previews

  • Hans Richter, Cohesion II, 1970, metal on painted wood, 32 3/4 x 20 3/4 x 2".

    “Hans Richter: Encounters”

    Los Angeles County Museum of Art (LACMA)
    5905 Wilshire Boulevard
    May 5–September 2

    Curated by Timothy O. Benson

    Long before the touch screen, Hans Richter was making screens that touch. Rectangles lunge at the spectator in his abstract film Rhythmus 21 (1921), confounding figure and ground; collaborations with Viking Eggeling and Kazimir Malevich promised the convertibility of all signals and sensations, electronic and tactile, into a universal code. LACMA’s major retrospective will include these works along with nearly 150 others—from collages to wall reliefs—in which resolute materialism vied with totalizing sensation and perceptual change augured political revolution. In Ghosts Before Breakfast (1928), for instance, Richter cuts loose and lets fly a gaggle of bowler hats, in a Dadaist upending of vision, objecthood, and Weimar bureaucracy. But unlike contemporary invocations of “animism,” which often merely tame objects into subjects with a veiled anthropomorphism, Richter’s animation heightened the alterity of the world—its alien and unknowable roil.

    Travels to the Centre Pompidou—Metz, France, Sept. 29, 2013–Feb. 24, 2014; Martin-Gropius-Bau, Berlin, Mar. 27–June 30, 2014.

  • Urs Fischer, KITTINGER/ZAWACKI/YUTZY (detail), 2012, one of three components, silk-screen print on mirrored glass, UV adhesive, aluminum, glass, polyacetal, screws, 25 1/4 x 15 3/4 x 6 1/8", overall dimensions variable.

    Urs Fischer

    The Museum of Contemporary Art (MOCA)
    250 South Grand Avenue
    April 21–August 19

    Curated by Jessica Morgan

    The Swiss-born artist Urs Fischer’s gigantisms and tricksterish transformations will take over LA MoCA’s two most sizable spaces—Grand Avenue and the Geffen Contemporary—for his first true US retrospective. Among the forty-some works on view, his 2004–2005 house of bread, the melty wax replica of Giambologna’s Rape of the Sabine Women from the last Venice Biennale, and a new addition to Fischer’s series of squeezed bits of clay enlarged to Brobdingnagian proportions—this one to be forty-five feet tall—will flaunt the sculptural tumescence that has made the artist both a crowd and commerce favorite of the past fifteen years. If such ambition framed Fischer as emblematic of the messier, punkier heroic excess of the precollapse 2000s, Tate curator Jessica Morgan’s show offers a chance to reconsider it all with postlapsarian eyes. And while New York’s darlings are often LA’s bêtes noires, Fischer’s masterful rescalings and material magic appear to have been granted the commodious space that the artist’s oeuvre demands.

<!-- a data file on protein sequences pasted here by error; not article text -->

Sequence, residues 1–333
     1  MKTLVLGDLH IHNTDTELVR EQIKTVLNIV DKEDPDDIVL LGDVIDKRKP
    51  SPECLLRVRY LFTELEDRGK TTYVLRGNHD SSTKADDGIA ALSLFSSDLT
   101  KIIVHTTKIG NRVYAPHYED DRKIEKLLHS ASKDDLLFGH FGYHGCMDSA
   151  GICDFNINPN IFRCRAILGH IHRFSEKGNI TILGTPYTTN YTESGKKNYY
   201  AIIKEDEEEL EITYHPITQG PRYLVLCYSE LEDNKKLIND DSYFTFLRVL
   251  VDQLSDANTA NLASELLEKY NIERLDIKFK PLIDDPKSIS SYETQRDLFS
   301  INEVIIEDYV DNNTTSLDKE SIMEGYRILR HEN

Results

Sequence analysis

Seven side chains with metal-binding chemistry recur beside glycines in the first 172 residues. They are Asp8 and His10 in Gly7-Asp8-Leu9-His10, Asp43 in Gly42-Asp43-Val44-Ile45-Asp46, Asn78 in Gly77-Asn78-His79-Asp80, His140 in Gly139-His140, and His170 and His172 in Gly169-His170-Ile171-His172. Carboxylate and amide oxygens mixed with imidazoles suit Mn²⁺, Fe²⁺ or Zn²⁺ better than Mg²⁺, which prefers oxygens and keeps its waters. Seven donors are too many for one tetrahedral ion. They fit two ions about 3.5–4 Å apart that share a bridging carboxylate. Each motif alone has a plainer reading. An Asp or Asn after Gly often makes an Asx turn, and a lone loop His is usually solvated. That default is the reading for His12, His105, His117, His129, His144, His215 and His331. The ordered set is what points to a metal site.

• Mark Leckey

    Hammer Museum
    10899 Wilshire Boulevard
    August 31–December 8

    Curated by Ali Subotnick

    In the five years since he won the Turner Prize, British artist Mark Leckey has taken increasingly strange and ever more productive turns. Moving away from the subcultural narratives of his (rightly) celebrated work of the early 2000s, Leckey’s more recent videos, installations, and performative lectures have adopted a freewheeling, associative approach that conjures up connections between radically distinct cultural and scientific phenomena. The Hammer will now mount Leckey’s largest institutional exhibition in the United States to date, with roughly fifteen new works, including the video Pearl Vision, 2012, shot during the artist’s recent residency at the museum. The show, described by the artist as a kind of “distorted memoir,” promises to amplify his prevailing interest in objects, their histories, and the ways in which we negotiate them in an increasingly mediated and technologically determined world.

  • Jef Raskin with an installation of his “Bloxes,” University of California, San Diego, 1969. From “Everything Loose Will Land.” Photo: David Wing.

    “Everything Loose Will Land”

    MAK Center for Art and Architecture, Mackey Apartments
    1137 South Cochran Avenue
    May 9–August 4

    Curated by Sylvia Lavin

    What brings together Alison Knowles’s House of Dust, 1971; Judy Chicago and Miriam Schapiro’s 1971–72 Womanhouse; Jef Raskin’s cardboard “Bloxes”; the Studio Watts Workshop; Bernard Tschumi’s “Sanctuaries” essay; and Archigram’s Instant City Death Valley project? The answer: Los Angeles in the late 1960s and ’70s—a productively unstable environment, conducive to exchanges between artistic and architectural practices, processes, tools, sites, materials, and even audiences. Lavin’s exhibition and catalogue, under the auspices of the Getty Research Institute’s “Pacific Standard Time” initiative, celebrates such heterogeneity and mixing of artists, architects, media, and concepts as the very conditions for experimentation, recasting the valence of Frank Lloyd Wright’s derogatory quip, “Tip the world over on its side and everything loose will land in Los Angeles.”

    Travels to the Yale School of Architecture, New Haven, Aug. 28–Nov. 9.